A role that has become even more crucial amid the COVID-19 pandemic.
Children's Day this year had to be celebrated at home for the second time since the COVID-19 pandemic hit Indonesia in March, 2020.
This year's HAN emphasized the theme 'Protected Children for a Better Indonesia', with the tagline 'Children care in Pandemic'.
Amid the prolonged pandemic, parents may have found it difficult to give their children an explanation and understanding about the need for staying home. Ideally, children should be introduced to the outside world and actively play with their peers, instead of spending most of their time at home.
Parents can consider the pandemic period as a beneficial moment to bond with their children since most parents are now working from home, child psychologist Fathya Artha Utami, M.Sc., M.Psi., said.
While working to strengthen their bond with the children, parents should also adopt a realistic mindset, the Universitas Indonesia (UI) alumna added.
"Setting realistic expectations is important for parents. The main target is to get through the day properly, not perfectly. In fact, being good enough is now a new perfection in a time like this," Utami explained.
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Parents may not realize that expectations -- such as those indicated by the word "should" -- can be a burden for children as they adjust to staying at home, she said. Not to mention the office and home work that awaits, she added. Parents may feel like 24 hours are not enough to get everything under control, she remarked.
Parents who are busy working while taking care of their children at home may identify with Edna Mode's character in the Incredibles 2 (2018) and the line from the movie: "Parenting is a heroic act... (if it is) done properly."
Unfortunately, there is no 'right' method applicable for all parents in the world, Utami said. When it comes to nurturing their children, parents know best what works for their kids, she added. Some parents' methods might be different from some others, she pointed out.
Just like all abilities and knowledge in general, parenting is also a process and journey that continues to be learned over time, Utami said.
Parenting, especially in this pandemic, is a work of trial and error, she remarked. Parents might face difficulty in trying parenting methods that might not work for their kids, she observed. Nobody knows everything in the first round, she said.
Describing parenting as 'nurturing future adults', she said it requires a different approach each year as children grow up. This is because their behavior and maturity levels change as they grow, she explained.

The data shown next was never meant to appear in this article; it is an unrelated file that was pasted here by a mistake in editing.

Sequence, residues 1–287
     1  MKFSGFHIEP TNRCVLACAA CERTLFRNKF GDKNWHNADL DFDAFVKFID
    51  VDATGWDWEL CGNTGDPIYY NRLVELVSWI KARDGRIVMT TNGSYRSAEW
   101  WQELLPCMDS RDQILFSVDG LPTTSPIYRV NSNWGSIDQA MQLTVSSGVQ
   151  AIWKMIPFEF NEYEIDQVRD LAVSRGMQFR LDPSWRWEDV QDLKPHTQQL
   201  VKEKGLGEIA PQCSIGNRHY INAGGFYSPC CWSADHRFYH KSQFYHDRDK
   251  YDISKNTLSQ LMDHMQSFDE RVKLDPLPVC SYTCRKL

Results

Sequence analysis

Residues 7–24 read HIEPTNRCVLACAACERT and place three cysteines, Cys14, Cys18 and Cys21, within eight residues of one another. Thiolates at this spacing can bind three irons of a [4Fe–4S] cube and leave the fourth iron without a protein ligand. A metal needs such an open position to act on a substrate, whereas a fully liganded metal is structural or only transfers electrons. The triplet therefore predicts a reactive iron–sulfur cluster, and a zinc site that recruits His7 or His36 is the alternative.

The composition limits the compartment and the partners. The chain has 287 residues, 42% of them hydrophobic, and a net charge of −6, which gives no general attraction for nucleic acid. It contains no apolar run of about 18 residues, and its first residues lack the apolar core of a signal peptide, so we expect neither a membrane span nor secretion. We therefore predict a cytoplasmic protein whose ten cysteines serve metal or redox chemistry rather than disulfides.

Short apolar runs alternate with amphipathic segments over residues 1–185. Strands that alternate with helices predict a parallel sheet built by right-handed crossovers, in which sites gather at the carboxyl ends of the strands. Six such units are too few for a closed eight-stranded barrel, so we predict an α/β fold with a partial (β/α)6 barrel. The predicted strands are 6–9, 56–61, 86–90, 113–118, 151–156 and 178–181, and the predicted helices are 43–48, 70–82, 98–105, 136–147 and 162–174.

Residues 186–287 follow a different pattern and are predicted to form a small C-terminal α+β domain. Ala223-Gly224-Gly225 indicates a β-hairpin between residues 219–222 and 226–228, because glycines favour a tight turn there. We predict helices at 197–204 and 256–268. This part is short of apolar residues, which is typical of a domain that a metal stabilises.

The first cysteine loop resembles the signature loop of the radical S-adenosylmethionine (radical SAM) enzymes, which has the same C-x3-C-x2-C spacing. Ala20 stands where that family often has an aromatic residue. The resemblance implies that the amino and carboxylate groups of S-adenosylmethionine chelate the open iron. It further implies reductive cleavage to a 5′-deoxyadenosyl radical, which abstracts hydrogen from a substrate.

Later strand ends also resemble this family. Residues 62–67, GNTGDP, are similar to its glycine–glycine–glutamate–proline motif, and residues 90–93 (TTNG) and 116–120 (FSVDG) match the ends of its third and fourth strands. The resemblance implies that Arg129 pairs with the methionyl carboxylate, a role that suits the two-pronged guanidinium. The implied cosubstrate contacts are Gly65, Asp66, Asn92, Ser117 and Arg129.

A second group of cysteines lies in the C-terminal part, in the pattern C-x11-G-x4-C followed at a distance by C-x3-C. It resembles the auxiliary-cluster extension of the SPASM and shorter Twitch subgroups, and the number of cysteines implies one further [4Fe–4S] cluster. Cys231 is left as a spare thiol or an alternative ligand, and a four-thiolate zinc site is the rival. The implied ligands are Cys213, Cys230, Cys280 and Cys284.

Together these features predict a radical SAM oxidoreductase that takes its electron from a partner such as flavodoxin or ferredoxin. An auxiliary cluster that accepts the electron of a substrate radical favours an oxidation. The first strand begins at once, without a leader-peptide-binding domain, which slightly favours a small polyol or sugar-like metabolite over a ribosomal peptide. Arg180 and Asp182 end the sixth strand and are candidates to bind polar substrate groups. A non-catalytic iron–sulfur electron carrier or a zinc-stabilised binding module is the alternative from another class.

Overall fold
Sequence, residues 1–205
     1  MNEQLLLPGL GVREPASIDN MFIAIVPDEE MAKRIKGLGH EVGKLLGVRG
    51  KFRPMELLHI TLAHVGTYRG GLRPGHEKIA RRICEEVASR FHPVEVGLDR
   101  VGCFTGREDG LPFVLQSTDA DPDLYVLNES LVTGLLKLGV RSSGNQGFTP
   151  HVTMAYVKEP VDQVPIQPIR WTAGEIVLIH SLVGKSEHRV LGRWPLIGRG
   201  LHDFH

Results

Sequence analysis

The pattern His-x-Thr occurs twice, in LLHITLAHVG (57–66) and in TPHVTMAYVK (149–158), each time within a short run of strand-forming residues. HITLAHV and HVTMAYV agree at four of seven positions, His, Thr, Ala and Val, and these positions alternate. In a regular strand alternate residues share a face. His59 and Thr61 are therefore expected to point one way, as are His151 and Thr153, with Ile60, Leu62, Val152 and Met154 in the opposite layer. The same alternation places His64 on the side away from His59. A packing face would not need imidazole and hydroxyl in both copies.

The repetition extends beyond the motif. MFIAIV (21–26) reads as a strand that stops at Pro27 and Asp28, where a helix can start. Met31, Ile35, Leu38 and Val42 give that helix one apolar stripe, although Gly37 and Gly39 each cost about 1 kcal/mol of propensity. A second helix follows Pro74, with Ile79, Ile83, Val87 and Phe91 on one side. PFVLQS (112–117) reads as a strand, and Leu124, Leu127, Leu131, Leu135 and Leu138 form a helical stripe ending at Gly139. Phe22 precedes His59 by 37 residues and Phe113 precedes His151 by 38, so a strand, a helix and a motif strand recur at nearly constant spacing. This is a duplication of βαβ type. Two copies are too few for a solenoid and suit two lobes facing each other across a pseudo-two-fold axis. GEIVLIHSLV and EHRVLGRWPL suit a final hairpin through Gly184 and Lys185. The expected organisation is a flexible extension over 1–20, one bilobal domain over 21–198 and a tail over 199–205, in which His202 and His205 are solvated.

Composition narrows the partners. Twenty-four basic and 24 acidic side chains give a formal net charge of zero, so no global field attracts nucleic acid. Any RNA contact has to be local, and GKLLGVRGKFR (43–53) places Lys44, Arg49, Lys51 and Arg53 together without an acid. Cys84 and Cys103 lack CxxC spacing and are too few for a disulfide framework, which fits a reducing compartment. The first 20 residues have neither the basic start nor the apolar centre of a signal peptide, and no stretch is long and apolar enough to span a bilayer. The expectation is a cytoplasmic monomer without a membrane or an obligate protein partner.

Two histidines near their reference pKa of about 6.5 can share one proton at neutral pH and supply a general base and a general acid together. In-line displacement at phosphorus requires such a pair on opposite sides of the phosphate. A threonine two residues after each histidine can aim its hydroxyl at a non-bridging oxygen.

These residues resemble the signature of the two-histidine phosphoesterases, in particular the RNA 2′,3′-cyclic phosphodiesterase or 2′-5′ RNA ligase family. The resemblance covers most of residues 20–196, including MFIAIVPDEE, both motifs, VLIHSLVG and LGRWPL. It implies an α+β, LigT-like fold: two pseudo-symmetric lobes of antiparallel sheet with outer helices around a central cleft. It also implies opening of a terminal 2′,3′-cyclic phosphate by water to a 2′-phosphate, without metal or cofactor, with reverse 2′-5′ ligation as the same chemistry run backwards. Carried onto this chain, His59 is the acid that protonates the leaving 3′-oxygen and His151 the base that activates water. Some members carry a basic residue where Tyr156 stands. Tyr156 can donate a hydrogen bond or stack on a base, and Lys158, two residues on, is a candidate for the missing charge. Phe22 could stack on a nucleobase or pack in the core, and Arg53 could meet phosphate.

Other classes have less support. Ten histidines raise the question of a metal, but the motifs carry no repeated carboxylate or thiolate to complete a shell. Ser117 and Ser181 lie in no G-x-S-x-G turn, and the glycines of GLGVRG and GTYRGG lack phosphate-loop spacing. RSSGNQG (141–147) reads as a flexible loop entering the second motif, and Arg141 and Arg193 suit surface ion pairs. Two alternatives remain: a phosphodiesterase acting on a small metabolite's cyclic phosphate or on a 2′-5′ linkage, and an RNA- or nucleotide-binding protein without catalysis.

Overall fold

During the pandemic, parents can get along with their children by finding out what they want to do, she advised. Creating schedules and routines of activities together can help parents get closer to their children, she said. Activities with children are also expected to be a stress reliever for parents, she added.
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Utami emphasized that routines are essential for both children and parents. By creating a routine, kids tend to know what they can expect from their parents in a day, she explained. Parents should also involve their kids in making plans for play or other activities, she said.
"Once in a while, parents can try to meet the physical and mental needs of the kids. Parents can create an activity that has been planned together," Utami suggested.
Bonding between parents and children can affect the kids' emotional intelligence, she said. Besides, bonding results in acceptance between children and parents, she added.
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By spending more time together, both parties are more capable of understanding each other and learn to accept each other's behaviors, she explained. Routines create acceptance that could break down the walls between parents and children, she added.
Utami pointed out that openness also plays an important role in parent-child relationships. Some parents may want to ask questions to their kids, but they may ask questions that kids are uncomfortable answering, she said.
"Parents can start by questioning things that the kids like, and parents must also be fair and open to the kids as well. If they are comfortable talking with each other, the openness will eventually happen," Utami added.
The psychologist also advised that parents accept every response from their kids when they try to start a conversation. When parents raise an objection to kids' answers and opinions, the children tend to be afraid to speak their minds in the future, she said.
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Parents do not have to worry about the effect of learning from home on children's intelligence during the pandemic, Utami assured. It is a matter of transitioning adjustment between learning from school and learning from home, she said. With the help of parents, children can also expand their social and emotional intelligence at home, she added.
"Kids can explore many things at home. They can learn from books, activities, and even from gadgets with parental supervision," Utami added.
Bonding between parents and kids amid the pandemic through educational activities could build strong familial relationships, she said.
Not only kids, parents should also celebrate Children's Day since they are the most influential figures in shaping their kids' character and personality, she added.
As Fa Zhou said in the Disney movie Mulan (1998): "The greatest gift and honor... is having you for a daughter."
Happy National Children's Day to all kids and parents in Indonesia!
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